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Sunday, January 8, 2012

In search of the Falcated Duck at Colusa National Wildlife Refuge

A few days ago on the news there was a story about an extremely rare Asian duck that showed up at a wildlife refuge in Colusa, CA. Normally the Falcated Duck is found in China, North Korea, Russia and Japan, but one was spotted in Northern California back in December. Since then bird enthusiasts from as far away as the East Coast have flocked to Colusa in the hopes of seeing this one duck out of the quarter of a million birds that winter at the refuge. This is only the fourth time this species of duck has been seen in California (in the wild). It's unknown if it somehow migrated here or perhaps escaped from a private collection.

We didn't see the Falcated Duck but we did see a Cinnamon Teal

So hubby and I drove up to Colusa in the wee hours of the morning in the hopes of photographing this unique bird. After all, the news said it was seen almost every day near Refuge's observation platform. I was a little bummed that it didn't make an appearance while we were there but I can't say I was disappointed because we did see a Cinnamon Teal. It was gorgeous. I thought it was even prettier than the Falcated Duck. I took plenty of pictures so you be the judge.

Pictures from our road trip.

And when I said wee hours of the morning I meant before the break of dawn. That's right hubby and I drug ourselves out of the house at 6:30 AM on a Saturday morning to drive to Colusa, 2.5 hours north of San Jose.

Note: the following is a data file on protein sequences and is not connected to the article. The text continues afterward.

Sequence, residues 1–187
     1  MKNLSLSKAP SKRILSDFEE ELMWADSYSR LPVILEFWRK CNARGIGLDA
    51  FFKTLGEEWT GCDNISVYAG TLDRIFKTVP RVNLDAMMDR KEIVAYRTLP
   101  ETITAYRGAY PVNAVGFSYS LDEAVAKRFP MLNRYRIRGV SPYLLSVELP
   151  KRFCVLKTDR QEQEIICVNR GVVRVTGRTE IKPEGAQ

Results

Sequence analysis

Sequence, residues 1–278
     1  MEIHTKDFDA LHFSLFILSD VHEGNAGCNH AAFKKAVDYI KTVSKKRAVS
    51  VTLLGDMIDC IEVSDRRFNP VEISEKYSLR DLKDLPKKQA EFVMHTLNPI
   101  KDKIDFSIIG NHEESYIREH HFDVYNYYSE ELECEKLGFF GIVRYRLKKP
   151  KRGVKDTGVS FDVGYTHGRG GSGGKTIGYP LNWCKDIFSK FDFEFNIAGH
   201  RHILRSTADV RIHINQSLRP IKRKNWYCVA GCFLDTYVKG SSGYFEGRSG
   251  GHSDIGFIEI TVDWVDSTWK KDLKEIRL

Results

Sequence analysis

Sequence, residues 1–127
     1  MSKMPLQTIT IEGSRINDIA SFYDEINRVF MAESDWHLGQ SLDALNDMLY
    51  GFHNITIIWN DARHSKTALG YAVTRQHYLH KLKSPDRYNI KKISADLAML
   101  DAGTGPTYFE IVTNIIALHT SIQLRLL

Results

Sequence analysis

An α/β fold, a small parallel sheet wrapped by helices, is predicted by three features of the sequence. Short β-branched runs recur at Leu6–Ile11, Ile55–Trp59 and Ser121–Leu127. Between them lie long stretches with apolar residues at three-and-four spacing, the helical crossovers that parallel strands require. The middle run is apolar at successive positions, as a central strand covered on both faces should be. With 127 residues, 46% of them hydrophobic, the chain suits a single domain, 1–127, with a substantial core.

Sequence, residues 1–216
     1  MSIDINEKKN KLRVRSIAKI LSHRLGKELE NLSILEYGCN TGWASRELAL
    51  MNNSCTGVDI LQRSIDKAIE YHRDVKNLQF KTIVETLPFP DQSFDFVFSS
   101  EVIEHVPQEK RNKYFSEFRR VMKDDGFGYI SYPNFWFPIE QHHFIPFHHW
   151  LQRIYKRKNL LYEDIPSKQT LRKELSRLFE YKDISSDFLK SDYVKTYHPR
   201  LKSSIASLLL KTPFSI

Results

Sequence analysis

We arrived at the Colusa National Wildlife Refuge at 9:00 AM.

Entering the Refuge is free, as is parking. Once there you park and walk a very short distance to the observation deck.

This is where I took pictures using my 14-140mm zoom lens.

For the most part I spent the morning to the right of the deck, along the road that leads to it. I thought it was a better location that allowed for nicer close up shots of some of the birds with a very nice backdrop.

While we hoped we would be able to see Mr. Celebrity Duck, he was not around. Probably because though the weather report said it would be 61º that day, it felt like it was 35º with 40 mph gale force winds. It was sooooooo cold and windy most of the birds laid low for the day. I had to put Kleenex in my ears and thank goodness my Yeti hat was in hubby's trunk because I would have ended up with a bad ear ache for sure had I not been able to stop the wind from blowing into my ears.

It was so neat being at the Refuge. I'd never seen Pintailed Ducks before. Here, two pairs of Northern Pintails greet an American Coot. There were lots of coots. They're like the pigeons of the marsh. They were everywhere!

The Pintails were lovely.

The male Northern Pintails have a beautiful blue and black beak.

There were also plenty of Northern Shovelers. They look similar to Mallards but I think they are larger and the males have more white on their breasts and bodies.

There were many pictures I wanted to take but at this point I was so FROZEN I had to stop. I had to get out of the wind so I decided to check out the 1 mile Hiking Trail behind a windbreak of trees.

This is where I photographed all of the ducks you see in this post.

It was a great idea. The moment I stepped onto the trail there was no wind. And with no wind it was actually rather warm. It was amazing how different the temperature felt just a few yards away.

Dogs are welcome to walk on the one mile trail as long as they're kept on leashes.

After warming up during my short walk I headed back to the marsh shoreline and immediately noticed a new bird. . .